Lisa Alvarez, whose blog The Mark on the Wall often features interesting poems as well as literary events in Orange County, mentioned on Facebook that it was her son’s 11th birthday. Thinking about children’s parties reminded me of two poems by Sharon Olds, who recently won the Pulitzer Prize. These two are from her second book, The Dead and the Living:
Rite of Passage
As the guests arrive at my son’s party
they gather in the living room–
short men, men in first grade
with smooth jaws and chins.
Hands in pockets, they stand around
jostling, jockeying for place, small fights
breaking out and calming. One says to another
How old are you? Six. I’m seven. So?
They eye each other, seeing themselves
tiny in the other’s pupils. They clear their throats
a lot, a room of small bankers,
they fold their arms and frown. I could beat you
up, a seven says to a six,
the dark cake, round and heavy as a
turret, behind them on the table. My son,
freckles like specks of nutmeg on his cheeks,
chest narrow as the balsa keel of a
model boat, long hands
cool and thin as the day they guided him
out of me, speaks up as a host
for the sake of the group.
We could easily kill a two-year-old,
he says in his clear voice. The other
men agree, they clear their throats
like Generals, they relax and get down to
playing war, celebrating my son’s life.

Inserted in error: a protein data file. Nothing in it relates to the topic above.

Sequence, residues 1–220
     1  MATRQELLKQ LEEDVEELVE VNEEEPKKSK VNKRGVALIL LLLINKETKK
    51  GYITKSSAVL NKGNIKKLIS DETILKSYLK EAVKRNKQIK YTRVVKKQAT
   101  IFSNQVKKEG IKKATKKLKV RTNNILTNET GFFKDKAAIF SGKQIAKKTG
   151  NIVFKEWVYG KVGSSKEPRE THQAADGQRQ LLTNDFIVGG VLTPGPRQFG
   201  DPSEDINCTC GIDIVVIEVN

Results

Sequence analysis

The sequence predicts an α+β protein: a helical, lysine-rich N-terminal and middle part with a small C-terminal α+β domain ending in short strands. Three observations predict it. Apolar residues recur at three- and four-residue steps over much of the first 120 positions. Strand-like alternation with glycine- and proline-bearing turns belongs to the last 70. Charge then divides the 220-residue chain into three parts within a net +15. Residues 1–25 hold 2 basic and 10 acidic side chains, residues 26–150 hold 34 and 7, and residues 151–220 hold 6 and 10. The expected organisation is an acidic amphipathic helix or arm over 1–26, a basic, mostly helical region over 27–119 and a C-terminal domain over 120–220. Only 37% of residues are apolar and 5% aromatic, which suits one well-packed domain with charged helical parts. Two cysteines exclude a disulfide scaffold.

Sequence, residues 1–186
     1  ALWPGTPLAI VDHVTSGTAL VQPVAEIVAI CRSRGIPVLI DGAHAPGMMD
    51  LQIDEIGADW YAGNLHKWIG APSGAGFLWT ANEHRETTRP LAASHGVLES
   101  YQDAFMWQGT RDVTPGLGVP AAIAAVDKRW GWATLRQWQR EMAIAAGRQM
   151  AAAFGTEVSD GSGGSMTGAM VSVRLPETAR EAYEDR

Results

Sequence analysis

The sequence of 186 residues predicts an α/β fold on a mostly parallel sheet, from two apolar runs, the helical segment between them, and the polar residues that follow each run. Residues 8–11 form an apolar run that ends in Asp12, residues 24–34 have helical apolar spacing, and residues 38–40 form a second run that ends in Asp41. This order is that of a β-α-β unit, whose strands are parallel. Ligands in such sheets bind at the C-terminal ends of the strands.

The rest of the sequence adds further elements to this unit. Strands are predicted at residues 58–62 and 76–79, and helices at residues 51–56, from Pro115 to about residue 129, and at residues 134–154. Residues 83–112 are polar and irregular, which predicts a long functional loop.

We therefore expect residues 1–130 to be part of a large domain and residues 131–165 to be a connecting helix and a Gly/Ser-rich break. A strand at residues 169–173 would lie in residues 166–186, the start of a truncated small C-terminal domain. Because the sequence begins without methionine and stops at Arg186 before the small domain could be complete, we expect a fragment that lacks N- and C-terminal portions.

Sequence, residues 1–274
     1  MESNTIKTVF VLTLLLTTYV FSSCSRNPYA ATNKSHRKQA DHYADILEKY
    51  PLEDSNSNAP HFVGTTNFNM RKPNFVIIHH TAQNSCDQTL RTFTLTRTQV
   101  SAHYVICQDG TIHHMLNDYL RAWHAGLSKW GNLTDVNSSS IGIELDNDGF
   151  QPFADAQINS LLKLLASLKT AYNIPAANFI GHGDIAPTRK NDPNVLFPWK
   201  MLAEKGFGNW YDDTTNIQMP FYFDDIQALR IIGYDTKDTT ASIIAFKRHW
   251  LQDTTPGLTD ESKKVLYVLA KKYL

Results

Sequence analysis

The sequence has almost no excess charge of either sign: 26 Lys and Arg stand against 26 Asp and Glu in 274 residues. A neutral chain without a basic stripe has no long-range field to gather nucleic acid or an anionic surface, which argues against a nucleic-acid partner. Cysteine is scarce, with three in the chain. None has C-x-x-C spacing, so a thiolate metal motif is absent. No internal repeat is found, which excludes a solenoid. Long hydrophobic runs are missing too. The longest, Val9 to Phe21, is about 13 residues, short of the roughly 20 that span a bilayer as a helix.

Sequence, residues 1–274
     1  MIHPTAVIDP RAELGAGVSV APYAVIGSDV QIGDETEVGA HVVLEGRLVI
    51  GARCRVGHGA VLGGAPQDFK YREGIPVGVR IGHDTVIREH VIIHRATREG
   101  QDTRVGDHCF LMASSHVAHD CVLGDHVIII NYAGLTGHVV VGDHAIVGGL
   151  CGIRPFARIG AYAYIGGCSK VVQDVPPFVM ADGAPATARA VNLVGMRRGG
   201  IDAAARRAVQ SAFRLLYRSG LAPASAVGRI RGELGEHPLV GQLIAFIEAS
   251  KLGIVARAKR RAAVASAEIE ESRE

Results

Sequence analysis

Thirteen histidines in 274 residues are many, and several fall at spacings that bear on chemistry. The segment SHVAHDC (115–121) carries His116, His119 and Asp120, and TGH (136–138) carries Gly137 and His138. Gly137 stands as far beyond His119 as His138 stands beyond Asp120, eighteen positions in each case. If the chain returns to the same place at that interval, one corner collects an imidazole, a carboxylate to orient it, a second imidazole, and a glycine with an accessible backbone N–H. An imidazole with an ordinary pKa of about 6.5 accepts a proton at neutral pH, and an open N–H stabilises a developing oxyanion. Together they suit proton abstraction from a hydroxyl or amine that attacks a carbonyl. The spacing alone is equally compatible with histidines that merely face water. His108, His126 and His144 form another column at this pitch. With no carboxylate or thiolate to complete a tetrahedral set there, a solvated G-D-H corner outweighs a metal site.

* * * *
The One Girl at the Boys’ Party
When I take my girl to the swimming party
I set her down among the boys. They tower and
bristle, she stands there smooth and sleek,
her math scores unfolding in the air around her.
They will strip to their suits, her body hard and
indivisible as a prime number,
they’ll plunge in the deep end, she’ll subtract
her height from ten feet, divide it into
hundreds of gallons of water, the numbers
bouncing in her mind like molecules of chlorine
in the bright blue pool. When they climb out,
her ponytail will hang its pencil lead
down her back, her narrow silk suit
with hamburgers and french fries printed on it
will glisten in the brilliant air, and they will
see her sweet face, solemn and
sealed, a factor of one, and she will
see their eyes, two each,
their legs, two each, and the curves of their sexes,
one each, and in her head she’ll be doing her
wild multiplying, as the drops
sparkle and fall to the power of a thousand from her body.
2 thoughts on “Two parties for Poetry Monday”
The poem about the boys is chilling and humorous at the same time. So wonderful and complex… thanks for sharing.
Yes, I love how poems can use humor to explore our dark side.